Whether you're a preschool teacher or a parent that wants to prepare her child for school, creative curriculum activities for two-year-olds can help your child to learn and grow. At this young age, children are often too active and don't have the attention span for formal learning, so it's best to teach through activities throughout the day.
Counting, sorting and learning shapes are the important math skills for this age group. To teach counting, you can simply make it a point to count everything that you encounter--the steps that you climb, the french fries on his plate, the toes on his feet. Designate a "Shape of the Day" and point out all the places that you can see that shape. You can also go on a shape walk around the block, trying to find the shape of the day.
Allow your child to help sort things around the house as well. He can help you fold laundry by sorting and matching the socks or by sorting clothes by person. Another fun thing to do is to collect several bottles and caps of different sizes, such as an empty laundry soap bottle, a drink bottle or a shampoo bottle and have him match the caps to the right bottle.
Hearing stories can help get children interested in reading, so you should be sure to read to your child as often as possible. She may not show interest, but you can still read a book while she plays around you. Sing the alphabet song and introduce her to letters. Point out that letters make sounds and that the objects in the house start with certain letters. For example, you could say "t-t-table" and "b-b-baby." As her knowledge grows, ask her to identify other objects that make the same sound. You can also label items around the house with their letters or words.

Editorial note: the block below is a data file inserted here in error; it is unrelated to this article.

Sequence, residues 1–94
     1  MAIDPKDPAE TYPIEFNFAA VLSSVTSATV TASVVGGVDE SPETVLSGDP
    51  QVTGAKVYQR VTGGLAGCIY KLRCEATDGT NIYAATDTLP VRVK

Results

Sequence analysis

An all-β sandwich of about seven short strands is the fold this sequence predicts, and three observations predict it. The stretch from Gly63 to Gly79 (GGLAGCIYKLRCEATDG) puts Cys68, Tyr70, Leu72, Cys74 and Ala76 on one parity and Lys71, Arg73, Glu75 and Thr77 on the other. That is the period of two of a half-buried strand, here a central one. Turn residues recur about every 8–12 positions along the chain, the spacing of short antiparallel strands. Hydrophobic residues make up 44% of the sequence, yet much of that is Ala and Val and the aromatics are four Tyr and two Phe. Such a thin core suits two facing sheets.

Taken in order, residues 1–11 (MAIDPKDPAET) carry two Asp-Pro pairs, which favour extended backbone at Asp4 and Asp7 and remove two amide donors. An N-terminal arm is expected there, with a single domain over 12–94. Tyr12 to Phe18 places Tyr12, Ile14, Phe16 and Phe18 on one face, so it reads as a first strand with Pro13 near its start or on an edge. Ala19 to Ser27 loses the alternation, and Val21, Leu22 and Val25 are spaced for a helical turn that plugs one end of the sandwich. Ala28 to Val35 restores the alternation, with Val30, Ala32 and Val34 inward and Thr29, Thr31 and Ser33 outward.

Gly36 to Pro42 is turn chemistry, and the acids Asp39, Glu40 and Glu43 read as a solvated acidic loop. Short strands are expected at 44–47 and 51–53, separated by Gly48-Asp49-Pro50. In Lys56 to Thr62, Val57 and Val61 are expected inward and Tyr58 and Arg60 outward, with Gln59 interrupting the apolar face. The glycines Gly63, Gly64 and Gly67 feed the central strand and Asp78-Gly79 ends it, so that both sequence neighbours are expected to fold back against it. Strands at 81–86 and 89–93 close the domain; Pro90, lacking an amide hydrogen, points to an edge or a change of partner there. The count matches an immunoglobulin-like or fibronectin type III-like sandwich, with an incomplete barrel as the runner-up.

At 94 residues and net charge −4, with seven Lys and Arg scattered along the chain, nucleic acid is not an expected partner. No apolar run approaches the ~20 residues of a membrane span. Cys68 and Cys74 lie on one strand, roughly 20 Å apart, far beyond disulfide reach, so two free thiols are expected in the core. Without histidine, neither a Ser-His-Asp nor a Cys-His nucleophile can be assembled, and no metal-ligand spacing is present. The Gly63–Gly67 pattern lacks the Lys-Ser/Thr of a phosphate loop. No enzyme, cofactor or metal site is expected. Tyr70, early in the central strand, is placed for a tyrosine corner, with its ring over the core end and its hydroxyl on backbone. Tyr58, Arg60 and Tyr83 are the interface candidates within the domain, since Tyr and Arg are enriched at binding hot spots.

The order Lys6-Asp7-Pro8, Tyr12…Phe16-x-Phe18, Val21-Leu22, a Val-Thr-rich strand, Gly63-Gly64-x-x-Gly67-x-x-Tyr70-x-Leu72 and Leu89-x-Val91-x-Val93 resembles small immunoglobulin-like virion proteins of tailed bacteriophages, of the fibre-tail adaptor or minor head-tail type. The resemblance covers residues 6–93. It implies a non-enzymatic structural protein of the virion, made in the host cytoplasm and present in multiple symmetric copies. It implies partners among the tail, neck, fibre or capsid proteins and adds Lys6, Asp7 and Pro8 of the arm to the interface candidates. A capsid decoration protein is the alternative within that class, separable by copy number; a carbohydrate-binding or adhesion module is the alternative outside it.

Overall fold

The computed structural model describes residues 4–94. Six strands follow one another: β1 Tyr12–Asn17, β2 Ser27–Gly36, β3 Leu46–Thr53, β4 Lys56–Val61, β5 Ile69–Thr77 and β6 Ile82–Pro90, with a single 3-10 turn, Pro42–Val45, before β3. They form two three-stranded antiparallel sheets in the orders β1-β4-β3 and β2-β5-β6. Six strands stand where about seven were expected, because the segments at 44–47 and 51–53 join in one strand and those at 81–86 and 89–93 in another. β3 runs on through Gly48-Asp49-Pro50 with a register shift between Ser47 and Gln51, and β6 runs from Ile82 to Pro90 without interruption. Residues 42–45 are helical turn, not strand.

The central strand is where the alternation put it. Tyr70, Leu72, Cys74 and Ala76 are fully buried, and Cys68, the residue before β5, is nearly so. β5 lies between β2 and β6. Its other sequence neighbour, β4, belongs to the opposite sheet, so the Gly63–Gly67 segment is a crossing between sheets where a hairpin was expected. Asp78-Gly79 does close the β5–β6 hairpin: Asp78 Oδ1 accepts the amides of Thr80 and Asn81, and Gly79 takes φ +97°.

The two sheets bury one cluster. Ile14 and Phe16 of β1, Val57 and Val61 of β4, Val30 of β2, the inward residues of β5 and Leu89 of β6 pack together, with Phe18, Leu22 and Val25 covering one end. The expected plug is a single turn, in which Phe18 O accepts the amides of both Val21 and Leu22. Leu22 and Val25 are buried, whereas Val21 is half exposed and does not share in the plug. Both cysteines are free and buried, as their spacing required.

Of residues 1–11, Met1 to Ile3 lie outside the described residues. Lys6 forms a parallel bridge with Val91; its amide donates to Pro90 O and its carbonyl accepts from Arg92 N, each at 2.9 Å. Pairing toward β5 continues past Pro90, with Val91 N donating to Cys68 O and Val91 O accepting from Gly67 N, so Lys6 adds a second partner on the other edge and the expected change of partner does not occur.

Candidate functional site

Allow your child to experiment with several kinds of art media to see what he can do with the different types. For example, you can allow him to finger paint with just two colors, so he can see how those two colors combine to make a third one. Children enjoy doing art activities in unusual places as well. Cover the wall or floor with paper and let him paint or draw there.
Music can help children learn many different concepts. Try to sing throughout the day even if you don't have the best singing voice. Show her how to do finger plays and easy dances to different songs, such as the "Itsy Bitsy Spider" or "I'm a Little Teapot." If the song doesn't have standard movements, you can make up your own. Another idea is to purchase a child-sized musical instrument to allow your child to experiment on her own. A simple keyboard can provide hours of enjoyment.
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